While you were getting hammered at some weekend music festival or cleaning out the garage, bigwigs from Chrysler and the United Auto Workers union were busy getting to know one another--and by "getting know one another", we mean haggling. As you may know, the feds set an April 30 deadline for Chrysler to submit a viable plan for survival, lest the company's chits be called in and the pentastar get hurled into bankruptcy court. Union concessions are key to that plan, and without them, both sides lose.
Details of the back-and-forth haven't been released, but the New York Times used the terms "painful" and claimed that the concessions require "extraordinary sacrifices" on the part of union members "to help Chrysler become viable". Which is classic, Team-Building 101 language if we've ever heard it: make the little guys feel like heroes. Not that we're complaining--hell, if UAW leadership doesn't bring its members onboard ASAP, the whole deal could go belly up.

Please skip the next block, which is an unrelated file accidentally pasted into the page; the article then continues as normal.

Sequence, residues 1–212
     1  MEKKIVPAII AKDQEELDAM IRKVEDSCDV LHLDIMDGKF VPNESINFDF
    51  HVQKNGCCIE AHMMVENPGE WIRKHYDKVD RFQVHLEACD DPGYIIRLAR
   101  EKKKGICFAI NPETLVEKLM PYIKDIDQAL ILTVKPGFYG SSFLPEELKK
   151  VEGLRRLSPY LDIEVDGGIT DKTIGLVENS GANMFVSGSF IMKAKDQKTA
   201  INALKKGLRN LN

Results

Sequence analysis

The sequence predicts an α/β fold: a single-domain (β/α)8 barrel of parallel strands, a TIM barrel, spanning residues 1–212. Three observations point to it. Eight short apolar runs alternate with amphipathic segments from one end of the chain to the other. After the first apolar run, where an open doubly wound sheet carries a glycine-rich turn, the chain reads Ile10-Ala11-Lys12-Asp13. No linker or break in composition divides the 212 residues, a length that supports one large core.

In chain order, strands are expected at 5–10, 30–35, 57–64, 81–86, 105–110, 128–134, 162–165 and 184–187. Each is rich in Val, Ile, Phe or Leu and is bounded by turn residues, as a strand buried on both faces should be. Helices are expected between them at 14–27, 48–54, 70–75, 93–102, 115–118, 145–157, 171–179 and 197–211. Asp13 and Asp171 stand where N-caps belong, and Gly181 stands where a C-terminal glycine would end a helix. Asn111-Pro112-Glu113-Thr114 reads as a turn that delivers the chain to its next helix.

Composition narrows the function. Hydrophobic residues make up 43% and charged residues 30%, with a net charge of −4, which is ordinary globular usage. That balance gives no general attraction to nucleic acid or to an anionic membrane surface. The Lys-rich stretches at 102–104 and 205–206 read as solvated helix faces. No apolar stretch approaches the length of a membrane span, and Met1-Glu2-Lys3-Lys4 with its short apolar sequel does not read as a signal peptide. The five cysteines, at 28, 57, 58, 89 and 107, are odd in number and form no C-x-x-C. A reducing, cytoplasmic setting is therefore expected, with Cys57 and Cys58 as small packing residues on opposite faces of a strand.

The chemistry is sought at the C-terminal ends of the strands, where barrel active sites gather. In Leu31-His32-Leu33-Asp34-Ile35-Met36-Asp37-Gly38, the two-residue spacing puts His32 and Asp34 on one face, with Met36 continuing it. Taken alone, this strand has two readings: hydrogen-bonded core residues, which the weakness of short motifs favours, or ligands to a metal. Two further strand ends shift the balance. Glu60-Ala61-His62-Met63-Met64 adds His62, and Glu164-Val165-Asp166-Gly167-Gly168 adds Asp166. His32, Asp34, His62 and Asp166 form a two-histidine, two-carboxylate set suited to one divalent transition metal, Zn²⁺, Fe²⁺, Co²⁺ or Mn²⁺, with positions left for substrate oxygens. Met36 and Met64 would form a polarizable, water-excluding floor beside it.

Between this agreement with the union--assuming it gets signed--and Chrysler's negotiations with Fiat--assuming the Italian automaker is still onboard--Chrysler should have a reasonable shot at surviving this economic crisis. Heck, compared to the bloodletting that's going on at General Motors, Chrysler's problems almost seem like a walk in the park. More from both imperiled companies later today--stay tuned.